Celtic Weddings: 7 Charming Traditions that you cannot do
Ireland – the land of the shamrock and a place where there are no snakes – the land is rich in mythology and folklore and tradition going back centuries. It is no wonder that contemporary life also reflects tradition, especially so in Celtic weddings.
We examine a few of the enduring and quaint traditions in a Celtic wedding without which the wedding loses its charm and originality and would be considered incomplete.
1. Tying the knot
This is an old Celtic tradition where, at an appropriate time, the bride and groom clasp their hands and a brightly colored ribbon (or rope) is wrapped or tied around them. This signifies that the couple is bound together in matrimony.
2. Blue dress
Much before white symbolized virginity, the Celts had their blue. A blue dress worn by the bride is due rigueur in a Celtic wedding.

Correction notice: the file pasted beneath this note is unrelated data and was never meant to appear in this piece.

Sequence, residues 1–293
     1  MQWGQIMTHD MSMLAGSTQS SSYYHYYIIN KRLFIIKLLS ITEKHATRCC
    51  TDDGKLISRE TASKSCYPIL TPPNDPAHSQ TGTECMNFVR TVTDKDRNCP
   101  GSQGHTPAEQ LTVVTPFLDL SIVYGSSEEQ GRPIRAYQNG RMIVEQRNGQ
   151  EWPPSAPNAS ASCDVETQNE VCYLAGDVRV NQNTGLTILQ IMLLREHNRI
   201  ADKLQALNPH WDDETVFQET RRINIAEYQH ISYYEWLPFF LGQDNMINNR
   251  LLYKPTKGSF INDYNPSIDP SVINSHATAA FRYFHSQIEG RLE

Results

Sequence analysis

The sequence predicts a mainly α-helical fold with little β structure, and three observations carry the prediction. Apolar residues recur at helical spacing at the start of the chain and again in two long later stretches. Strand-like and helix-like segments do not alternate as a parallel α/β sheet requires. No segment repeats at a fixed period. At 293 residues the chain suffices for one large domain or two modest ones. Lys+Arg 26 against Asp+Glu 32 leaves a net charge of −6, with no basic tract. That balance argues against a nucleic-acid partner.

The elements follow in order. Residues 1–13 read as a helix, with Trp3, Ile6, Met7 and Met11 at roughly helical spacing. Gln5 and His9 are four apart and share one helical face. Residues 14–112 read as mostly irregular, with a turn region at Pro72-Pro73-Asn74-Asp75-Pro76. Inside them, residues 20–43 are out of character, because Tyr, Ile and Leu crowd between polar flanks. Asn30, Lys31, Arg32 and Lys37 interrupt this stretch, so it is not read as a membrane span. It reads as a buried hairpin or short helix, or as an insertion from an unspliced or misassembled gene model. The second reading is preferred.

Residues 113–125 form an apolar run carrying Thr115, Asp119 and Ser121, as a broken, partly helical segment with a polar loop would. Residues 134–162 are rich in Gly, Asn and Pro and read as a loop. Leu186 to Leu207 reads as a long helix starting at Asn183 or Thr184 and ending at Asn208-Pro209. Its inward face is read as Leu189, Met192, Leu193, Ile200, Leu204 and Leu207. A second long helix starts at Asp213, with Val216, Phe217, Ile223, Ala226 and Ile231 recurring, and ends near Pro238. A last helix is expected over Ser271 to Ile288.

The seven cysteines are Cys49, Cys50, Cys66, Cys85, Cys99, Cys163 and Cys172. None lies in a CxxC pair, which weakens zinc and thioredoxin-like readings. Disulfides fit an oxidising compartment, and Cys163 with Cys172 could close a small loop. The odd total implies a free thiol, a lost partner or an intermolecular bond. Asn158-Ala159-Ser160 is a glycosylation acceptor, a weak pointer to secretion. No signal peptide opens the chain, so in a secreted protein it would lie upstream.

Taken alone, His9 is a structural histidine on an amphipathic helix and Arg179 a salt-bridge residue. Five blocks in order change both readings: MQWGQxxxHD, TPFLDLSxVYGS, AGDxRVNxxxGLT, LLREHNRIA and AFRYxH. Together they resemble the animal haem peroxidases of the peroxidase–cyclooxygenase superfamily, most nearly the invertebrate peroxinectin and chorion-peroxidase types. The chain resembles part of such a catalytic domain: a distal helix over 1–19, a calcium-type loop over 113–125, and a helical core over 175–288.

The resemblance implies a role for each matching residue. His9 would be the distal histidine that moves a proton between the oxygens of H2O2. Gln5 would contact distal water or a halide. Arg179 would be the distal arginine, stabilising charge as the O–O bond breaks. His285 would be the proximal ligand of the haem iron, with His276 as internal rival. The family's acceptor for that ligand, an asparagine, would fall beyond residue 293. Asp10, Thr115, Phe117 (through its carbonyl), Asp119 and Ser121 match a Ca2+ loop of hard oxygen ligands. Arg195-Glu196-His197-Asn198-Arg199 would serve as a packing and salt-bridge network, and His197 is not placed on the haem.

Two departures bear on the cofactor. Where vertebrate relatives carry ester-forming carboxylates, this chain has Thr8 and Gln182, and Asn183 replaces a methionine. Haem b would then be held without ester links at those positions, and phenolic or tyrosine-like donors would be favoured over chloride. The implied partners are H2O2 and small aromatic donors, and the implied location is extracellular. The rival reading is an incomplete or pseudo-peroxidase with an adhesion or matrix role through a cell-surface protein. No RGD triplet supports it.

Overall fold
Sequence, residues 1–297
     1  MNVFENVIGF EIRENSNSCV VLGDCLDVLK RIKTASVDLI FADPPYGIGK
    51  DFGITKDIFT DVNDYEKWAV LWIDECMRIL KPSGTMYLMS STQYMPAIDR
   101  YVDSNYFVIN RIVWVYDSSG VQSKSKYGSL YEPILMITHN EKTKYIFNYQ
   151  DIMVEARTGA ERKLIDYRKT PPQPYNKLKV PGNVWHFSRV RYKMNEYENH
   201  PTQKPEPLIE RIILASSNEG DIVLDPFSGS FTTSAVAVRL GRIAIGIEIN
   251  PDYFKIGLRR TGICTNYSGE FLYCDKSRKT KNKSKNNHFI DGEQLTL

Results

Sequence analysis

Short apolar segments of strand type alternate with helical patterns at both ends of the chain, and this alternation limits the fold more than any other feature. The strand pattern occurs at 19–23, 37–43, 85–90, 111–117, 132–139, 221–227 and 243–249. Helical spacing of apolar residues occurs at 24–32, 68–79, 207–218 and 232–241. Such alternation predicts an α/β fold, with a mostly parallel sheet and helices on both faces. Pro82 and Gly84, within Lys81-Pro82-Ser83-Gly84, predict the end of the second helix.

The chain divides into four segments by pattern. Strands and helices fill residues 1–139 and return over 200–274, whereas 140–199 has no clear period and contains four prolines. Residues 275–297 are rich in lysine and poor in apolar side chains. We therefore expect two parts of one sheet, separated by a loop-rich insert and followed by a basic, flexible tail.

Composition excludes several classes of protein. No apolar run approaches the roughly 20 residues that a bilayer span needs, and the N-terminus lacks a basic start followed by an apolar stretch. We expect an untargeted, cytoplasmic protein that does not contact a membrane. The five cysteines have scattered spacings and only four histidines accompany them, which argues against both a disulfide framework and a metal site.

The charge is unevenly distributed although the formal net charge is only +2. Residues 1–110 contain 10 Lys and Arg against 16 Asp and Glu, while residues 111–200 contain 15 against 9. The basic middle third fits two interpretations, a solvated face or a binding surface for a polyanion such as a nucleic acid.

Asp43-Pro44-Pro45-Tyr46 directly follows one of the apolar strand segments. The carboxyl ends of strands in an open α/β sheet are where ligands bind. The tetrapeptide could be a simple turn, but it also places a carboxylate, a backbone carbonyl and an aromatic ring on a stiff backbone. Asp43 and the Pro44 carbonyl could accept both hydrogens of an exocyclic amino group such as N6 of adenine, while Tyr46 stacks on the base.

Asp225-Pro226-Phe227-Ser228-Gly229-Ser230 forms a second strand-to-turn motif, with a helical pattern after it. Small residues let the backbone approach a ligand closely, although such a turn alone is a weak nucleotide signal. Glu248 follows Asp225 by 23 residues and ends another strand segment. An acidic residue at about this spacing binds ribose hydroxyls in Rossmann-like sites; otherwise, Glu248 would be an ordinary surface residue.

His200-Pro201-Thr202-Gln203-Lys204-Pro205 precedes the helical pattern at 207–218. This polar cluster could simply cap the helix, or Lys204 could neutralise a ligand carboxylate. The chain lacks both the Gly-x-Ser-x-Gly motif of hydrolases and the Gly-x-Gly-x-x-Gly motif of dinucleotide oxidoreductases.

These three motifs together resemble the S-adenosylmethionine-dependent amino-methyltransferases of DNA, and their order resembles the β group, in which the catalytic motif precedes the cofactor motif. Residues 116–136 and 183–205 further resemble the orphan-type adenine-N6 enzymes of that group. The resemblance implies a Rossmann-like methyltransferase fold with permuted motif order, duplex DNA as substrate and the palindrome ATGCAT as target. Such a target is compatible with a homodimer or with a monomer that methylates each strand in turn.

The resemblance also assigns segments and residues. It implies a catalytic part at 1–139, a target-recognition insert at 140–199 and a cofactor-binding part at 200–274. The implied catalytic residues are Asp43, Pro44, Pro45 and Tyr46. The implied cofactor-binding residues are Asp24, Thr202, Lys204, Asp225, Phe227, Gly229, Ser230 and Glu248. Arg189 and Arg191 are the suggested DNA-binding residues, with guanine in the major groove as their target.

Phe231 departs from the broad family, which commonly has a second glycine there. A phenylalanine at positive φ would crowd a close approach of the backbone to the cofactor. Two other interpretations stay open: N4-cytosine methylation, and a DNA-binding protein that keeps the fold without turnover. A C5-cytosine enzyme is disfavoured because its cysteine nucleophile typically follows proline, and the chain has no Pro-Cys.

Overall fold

A horseshoe signifies luck, wherever, A bride at a Celtic wedding carries a replica of a horseshoe in porcelain, or silver, to bring good luck to the occasion and thus to the marriage.
4. Old shoes
Old shoes are symbols of fertility and are worn by the bride at the wedding. In case this is not practical, several pairs of old shoes are tied to the back of the couple car in place of tin cans.
5. The Claddagh ring
The traditional Claddagh ring is a sort of engagement ring which becomes the wedding ring. During betrothal the crown is worn nearest to knuckle while it is worn towards the nail once married. The ring signifies love, loyalty and friendship.
6. Wedding bells
It is traditional to give out tiny wedding bells to guests. These are rung during the toast instead of clinking glasses.
7. Bunratty Meade
This is made of honey and was drunk in ancient Celtic courts. The bride and groom were supposed o drink this meade, signifying virility and fertility, for one full moon – thus “honeymoon”.